That was almost two years ago. The recent response above from justjeninsf indicates that this feature that Kevin Rose talks about was never implemented. Amazing to see how many other changes they’ve made to the site in the mean time, though. They have 71 employees. Keep that in mind.

Why wouldn’t they implement such a simple feature? Why was it never talked about again? And why don’t they let us see how many buries a story gets? Well, to put it simply, the promotion algorithm is digg’s censorship scapegoat. The digg admins want you to think that all of the gears that power the site are powered by users. That the site is completely user-driven. As the site’s ‘about’ section states, “You won’t find editors at Digg — we’re here to provide a place where people can collectively determine the value of content.” It is promoted as a fully democratic site. The absolute best, and easiest way to censor criticism on the site is to blame the users themselves. The childish “it wasn’t me” response. I think the following response to justjeninsf best describes the situation:

tinustinus

Can someone please translate Jen’s ***** into normal English? Thanks.

mrASSMANmrASSMAN

Story gets submitted, staff members collectively bury moments later which triggers flaw in algo, submission no longer eligible for front page no matter how many diggs are received, staff blames users.

What’s great is that I’ve got proof of them blaming users for admin censorship. I caught them red-handed. A series of comments that I made, trying to spread information about all this censorship, got censored. A notification that I had been silenced appeared, stating that “other users” had reported me, yet a third-party statistics tool that runs off the API told me that users had not, in fact, reported these comments. Clever little way of censoring. (note: screenshots taken after both pages loaded in parallel, simultaneously).

You really would have thought that the admins learned their lesson about censorship after the AAS Encryption Key revolt. There are so many things that stink about this whole situation, that this information definitely needs to be heard by a large group of people. Will this info ever get heard by the digg community? Not if people like you don’t care.

If this reaches the front page of digg and doesn’t get buried; gets thousands of diggs, I’m sure the admins will point out flaws in the logic above. Perhaps something about how “another one of your comments was reported, that isn’t shown in that screenshot” or that “a report was sent by email” or that they “didn’t have the time to implement the bury-bin” or that they “just plain forgot” or that they “really aren’t stealing pagerank. trust us, we checked!” or some other bullshit. Hell, they’ll probably change the diggbar, too, so that more people are satisfied. They’ll probably just make it opt-in only. Whatever they change to it, almost all the information in this post will still apply. Don’t fall for their games. They’ve been adding glamorous features left and right on the site for years, which distract users from the real fundamental problems of the site (seriously, the shout system still exists after the first week it was put in? It forces thousands of regular users to spam other regular users. I, half-jokingly, think the Geneva Convention should have a clause against that). There must have been a point in 2006 where Kevin Rose decided that he wanted to turn the site into the next youtube, and has been making chess moves towards that goal ever since.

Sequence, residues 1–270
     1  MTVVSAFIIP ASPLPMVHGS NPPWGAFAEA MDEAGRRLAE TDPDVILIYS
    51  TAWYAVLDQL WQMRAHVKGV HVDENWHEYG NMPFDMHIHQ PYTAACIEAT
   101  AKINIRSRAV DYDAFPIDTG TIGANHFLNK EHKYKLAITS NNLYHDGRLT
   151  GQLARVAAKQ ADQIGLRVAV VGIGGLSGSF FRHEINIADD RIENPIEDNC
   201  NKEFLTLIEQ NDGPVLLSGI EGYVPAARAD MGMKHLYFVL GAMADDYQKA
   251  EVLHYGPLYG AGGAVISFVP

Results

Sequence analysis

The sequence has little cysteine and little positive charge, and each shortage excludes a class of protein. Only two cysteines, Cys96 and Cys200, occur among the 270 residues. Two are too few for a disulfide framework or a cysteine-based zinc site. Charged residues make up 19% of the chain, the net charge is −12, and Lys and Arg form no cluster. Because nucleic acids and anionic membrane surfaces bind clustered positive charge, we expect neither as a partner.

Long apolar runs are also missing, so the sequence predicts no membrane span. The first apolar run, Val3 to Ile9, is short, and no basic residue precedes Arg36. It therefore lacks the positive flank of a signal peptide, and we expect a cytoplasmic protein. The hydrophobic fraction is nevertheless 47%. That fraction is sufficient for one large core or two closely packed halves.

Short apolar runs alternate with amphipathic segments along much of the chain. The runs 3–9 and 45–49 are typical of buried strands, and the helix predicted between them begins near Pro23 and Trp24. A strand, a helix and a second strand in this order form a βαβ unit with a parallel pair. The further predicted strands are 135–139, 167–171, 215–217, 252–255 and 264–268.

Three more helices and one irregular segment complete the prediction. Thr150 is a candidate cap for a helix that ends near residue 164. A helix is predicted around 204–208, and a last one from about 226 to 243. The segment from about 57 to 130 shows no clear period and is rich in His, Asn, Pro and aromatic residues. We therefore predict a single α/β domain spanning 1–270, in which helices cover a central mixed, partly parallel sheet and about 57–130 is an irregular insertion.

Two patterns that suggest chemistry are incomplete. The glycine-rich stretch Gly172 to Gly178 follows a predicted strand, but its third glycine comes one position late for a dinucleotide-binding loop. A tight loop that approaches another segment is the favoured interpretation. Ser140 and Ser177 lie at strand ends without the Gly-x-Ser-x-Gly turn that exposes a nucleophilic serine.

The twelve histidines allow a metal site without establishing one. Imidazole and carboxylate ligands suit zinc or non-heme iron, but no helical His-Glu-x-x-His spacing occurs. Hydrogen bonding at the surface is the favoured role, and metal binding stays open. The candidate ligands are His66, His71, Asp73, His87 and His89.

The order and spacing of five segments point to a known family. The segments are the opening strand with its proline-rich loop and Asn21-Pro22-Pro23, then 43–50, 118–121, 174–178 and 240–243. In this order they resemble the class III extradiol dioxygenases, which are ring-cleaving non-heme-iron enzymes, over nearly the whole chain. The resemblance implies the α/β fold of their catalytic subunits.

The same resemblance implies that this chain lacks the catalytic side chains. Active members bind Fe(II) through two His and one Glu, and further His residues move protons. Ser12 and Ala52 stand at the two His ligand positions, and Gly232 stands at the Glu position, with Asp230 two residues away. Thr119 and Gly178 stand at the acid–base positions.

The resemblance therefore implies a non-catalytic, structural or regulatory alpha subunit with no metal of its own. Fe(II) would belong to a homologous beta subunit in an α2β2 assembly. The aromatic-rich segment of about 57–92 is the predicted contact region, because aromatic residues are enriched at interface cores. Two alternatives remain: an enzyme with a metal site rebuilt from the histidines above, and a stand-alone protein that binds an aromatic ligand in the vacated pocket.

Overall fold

If all else fails, there is concrete proof that Kevin Rose said we’d get a bury-bin, where we could revive buried stories… and it was never implemented. If they claim that the promotion algorithm isn’t as scapegoat to censorship, then I’m sure it would be easy to add teh bury-bin feature! There should be no problem with it at all! Eventually, critical opinion will actually reach the frontpage.

But I’m sure the admins would rather continue to convert users into sheeple. Take away their ability to freely speak and criticise. And you know what is most frightening about that? The fact that they advertise the site as being democratic, and powered by the users. Digg: Fair and Balanced. Remind you of anyone?

Share this with as many people as you can. I don’t get ad revenue. At all. I have hardly any digg friends. I hate ‘shouting’. I hate getting flamed for putting this information in the comments. Get this shit dugg to the front page so we can see how the admins respond to truth.

Post Script: I don’t intend on editing this post.


ok, I lied. Forgot to mention one thing: part of this new diggbar service is a URL shortening. Notice that Kevin Rose doesn’t even use it himself: http://www.twitter.com/kevinrose